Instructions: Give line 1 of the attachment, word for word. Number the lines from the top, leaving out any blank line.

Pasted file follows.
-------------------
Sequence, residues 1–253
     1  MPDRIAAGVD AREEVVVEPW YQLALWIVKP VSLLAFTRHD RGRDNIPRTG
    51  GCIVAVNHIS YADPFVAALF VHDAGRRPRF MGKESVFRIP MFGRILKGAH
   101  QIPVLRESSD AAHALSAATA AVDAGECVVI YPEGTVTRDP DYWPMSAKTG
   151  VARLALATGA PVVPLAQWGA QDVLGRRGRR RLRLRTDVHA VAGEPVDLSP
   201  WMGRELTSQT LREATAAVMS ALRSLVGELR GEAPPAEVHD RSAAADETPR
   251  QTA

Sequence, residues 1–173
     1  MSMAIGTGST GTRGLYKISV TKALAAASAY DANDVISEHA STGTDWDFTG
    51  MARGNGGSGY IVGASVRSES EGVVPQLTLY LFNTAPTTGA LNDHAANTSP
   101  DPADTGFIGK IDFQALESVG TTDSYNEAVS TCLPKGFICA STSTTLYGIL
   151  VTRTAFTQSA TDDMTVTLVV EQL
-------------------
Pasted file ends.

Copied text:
Sequence, residues 1–253